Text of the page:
Some advertised events may never occur. One organization, not included in the above group of 10, is the World Academy of Science, Engineering and Technology (WASET). It had 111 conferences scheduled for Oct. 8-9, 2015, at the Hyatt Regency Osaka hotel. Citing a need to preserve confidentiality, a hotel spokesperson declined to confirm if WASET had booked any events. However, the University of Toronto issued a scam advisory after WASET falsely advertised a conference as taking place in June 2015.

Attending predatory conferences isn’t cheap. Presenters typically pay $300 to $500. Optional dinners and travel tours can push the cost to $800. These prices can be negotiable. Claiming university budget cuts, I haggled $100 off GAN’s $400 fee and $90 off Thailand-based UAC’s $290 charge.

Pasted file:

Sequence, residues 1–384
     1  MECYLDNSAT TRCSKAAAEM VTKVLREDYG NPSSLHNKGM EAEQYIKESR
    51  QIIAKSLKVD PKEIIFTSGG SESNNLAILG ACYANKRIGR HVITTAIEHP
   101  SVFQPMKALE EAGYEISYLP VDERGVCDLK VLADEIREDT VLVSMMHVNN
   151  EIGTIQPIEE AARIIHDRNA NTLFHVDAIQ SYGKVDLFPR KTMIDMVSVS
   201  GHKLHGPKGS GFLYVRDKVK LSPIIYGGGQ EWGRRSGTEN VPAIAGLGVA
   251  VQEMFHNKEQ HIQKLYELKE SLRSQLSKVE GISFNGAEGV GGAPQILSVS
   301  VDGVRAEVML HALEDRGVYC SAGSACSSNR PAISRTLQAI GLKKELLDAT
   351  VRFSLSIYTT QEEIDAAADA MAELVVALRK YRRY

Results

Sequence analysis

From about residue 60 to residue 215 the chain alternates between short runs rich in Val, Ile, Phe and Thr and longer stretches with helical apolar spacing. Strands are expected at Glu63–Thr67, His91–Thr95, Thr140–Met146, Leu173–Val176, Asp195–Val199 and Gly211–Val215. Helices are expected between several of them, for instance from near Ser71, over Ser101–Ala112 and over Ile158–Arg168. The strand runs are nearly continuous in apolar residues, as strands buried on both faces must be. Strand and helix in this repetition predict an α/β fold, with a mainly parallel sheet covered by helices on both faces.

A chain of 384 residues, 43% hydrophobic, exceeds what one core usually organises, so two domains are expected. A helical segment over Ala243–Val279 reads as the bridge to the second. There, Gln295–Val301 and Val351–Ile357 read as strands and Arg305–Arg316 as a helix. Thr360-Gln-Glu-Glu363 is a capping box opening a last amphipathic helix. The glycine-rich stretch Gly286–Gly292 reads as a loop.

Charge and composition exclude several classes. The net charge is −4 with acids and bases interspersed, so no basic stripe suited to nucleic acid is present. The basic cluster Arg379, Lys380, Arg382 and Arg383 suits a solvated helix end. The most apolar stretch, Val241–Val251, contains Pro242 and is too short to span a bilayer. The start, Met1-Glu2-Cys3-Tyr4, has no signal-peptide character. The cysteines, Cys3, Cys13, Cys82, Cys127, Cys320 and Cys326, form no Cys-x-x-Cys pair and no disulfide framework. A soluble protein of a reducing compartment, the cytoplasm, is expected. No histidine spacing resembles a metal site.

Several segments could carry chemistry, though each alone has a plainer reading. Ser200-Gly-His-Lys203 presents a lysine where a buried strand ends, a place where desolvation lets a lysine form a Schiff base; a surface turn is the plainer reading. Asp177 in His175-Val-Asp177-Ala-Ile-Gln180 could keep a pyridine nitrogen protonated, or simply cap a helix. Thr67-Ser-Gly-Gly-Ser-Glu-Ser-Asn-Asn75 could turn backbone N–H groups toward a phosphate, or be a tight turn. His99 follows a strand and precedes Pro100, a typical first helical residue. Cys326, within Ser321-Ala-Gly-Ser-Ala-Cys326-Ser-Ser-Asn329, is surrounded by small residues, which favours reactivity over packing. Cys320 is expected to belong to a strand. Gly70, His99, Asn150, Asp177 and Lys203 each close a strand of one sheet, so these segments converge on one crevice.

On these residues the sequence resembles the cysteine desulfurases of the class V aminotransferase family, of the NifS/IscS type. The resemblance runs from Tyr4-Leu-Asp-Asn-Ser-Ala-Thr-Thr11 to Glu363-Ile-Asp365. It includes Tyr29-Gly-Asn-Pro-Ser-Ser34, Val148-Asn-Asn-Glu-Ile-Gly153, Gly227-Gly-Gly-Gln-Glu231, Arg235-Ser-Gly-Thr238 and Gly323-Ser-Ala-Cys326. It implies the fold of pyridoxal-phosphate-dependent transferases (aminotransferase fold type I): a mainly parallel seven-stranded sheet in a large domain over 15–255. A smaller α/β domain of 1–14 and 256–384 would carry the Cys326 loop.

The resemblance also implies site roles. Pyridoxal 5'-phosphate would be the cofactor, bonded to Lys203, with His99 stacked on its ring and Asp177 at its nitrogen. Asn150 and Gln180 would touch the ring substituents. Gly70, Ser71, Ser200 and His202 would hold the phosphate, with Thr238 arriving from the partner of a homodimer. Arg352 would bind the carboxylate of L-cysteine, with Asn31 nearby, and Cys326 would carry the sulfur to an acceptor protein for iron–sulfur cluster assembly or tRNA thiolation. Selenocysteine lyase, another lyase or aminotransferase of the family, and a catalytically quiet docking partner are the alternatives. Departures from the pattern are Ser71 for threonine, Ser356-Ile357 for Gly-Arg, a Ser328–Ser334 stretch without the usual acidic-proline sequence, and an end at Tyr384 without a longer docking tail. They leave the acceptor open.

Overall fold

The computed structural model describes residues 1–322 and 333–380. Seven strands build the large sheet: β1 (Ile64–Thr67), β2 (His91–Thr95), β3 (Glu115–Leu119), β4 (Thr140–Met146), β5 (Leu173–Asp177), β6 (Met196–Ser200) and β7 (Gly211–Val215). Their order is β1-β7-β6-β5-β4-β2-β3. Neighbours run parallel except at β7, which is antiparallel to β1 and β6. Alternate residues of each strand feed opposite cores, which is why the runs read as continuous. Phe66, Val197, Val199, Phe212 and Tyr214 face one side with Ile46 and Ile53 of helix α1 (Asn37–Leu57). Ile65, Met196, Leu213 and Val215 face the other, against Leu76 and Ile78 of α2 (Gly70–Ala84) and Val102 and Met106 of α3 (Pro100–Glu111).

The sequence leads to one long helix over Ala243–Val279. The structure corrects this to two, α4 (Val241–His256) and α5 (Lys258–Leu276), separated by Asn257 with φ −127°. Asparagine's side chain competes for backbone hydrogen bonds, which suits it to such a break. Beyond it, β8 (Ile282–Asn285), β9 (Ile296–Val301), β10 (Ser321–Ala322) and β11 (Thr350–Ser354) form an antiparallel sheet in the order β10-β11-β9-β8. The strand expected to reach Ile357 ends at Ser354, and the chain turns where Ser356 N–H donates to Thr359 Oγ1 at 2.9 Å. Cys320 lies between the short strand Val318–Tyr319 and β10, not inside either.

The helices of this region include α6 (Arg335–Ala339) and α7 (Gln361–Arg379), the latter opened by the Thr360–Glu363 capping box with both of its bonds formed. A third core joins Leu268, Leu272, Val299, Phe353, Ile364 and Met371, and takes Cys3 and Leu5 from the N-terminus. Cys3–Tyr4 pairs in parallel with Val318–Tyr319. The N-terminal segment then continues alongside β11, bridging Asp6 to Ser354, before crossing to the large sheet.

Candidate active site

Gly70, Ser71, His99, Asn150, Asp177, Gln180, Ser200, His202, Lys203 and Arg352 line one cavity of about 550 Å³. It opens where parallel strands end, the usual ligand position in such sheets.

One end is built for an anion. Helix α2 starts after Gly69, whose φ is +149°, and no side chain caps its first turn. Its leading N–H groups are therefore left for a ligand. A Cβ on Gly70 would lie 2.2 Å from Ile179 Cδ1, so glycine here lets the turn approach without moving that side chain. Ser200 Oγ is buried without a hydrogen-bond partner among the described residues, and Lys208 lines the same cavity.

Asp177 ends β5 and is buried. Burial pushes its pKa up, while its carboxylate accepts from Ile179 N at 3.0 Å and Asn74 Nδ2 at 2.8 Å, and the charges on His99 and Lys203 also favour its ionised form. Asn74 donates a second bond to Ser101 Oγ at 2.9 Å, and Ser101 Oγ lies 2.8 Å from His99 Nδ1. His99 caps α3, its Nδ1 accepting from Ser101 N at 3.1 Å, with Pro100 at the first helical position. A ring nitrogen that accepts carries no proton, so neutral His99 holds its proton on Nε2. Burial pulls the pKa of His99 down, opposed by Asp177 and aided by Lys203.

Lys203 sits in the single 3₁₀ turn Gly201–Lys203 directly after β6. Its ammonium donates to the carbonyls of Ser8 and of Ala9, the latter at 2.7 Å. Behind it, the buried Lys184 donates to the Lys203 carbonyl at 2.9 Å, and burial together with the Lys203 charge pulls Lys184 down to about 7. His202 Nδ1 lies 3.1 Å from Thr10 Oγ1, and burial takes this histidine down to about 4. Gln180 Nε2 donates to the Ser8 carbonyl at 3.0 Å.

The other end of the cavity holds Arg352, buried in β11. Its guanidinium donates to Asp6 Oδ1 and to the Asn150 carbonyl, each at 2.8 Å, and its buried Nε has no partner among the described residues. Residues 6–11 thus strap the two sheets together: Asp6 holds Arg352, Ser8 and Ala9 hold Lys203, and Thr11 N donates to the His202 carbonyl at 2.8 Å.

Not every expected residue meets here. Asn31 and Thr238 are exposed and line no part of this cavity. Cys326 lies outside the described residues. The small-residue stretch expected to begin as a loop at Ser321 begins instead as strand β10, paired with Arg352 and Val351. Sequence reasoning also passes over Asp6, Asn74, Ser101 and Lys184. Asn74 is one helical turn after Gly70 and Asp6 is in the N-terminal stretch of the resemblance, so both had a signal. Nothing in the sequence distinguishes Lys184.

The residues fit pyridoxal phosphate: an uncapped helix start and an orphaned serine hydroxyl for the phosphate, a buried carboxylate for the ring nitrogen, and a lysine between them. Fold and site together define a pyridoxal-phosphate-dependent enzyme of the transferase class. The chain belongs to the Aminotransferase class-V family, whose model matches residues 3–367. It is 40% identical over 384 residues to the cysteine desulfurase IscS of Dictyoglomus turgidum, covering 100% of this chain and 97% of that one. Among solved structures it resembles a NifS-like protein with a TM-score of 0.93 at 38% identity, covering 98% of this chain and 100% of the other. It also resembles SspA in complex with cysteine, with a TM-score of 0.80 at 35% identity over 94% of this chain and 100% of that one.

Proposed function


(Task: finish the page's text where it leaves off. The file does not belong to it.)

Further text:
Conferences organized by scholarly associations typically cost less. The Japan Society of Civil Engineers charges nonmembers a ¥20,000 ($184) conference fee. The Japanese Economic Association charges only ¥3,000 ($28), but researchers must also pay the ¥12,000 ($110) annual membership. The Japanese Association for Language Teaching charges nonmembers ¥25,000 ($230) for its three-day conference.

Holding conferences with as wide a scope as possible increases organizer revenues. About 300 people attended IAI’s four conferences at Waseda University. Assuming everyone paid the $400 early registration fee, the event generated about $120,000.

Costs seem to have been minimal. The conference’s local chair, Waseda University professor Hajime Tozaki, says the school provided classrooms for free. He denies receiving payment for delivering the keynote speech or serving on the iBAC Advisory Board. Presenters received boxed lunches, but attendees I spoke to complained that they looked terrible and tasted worse.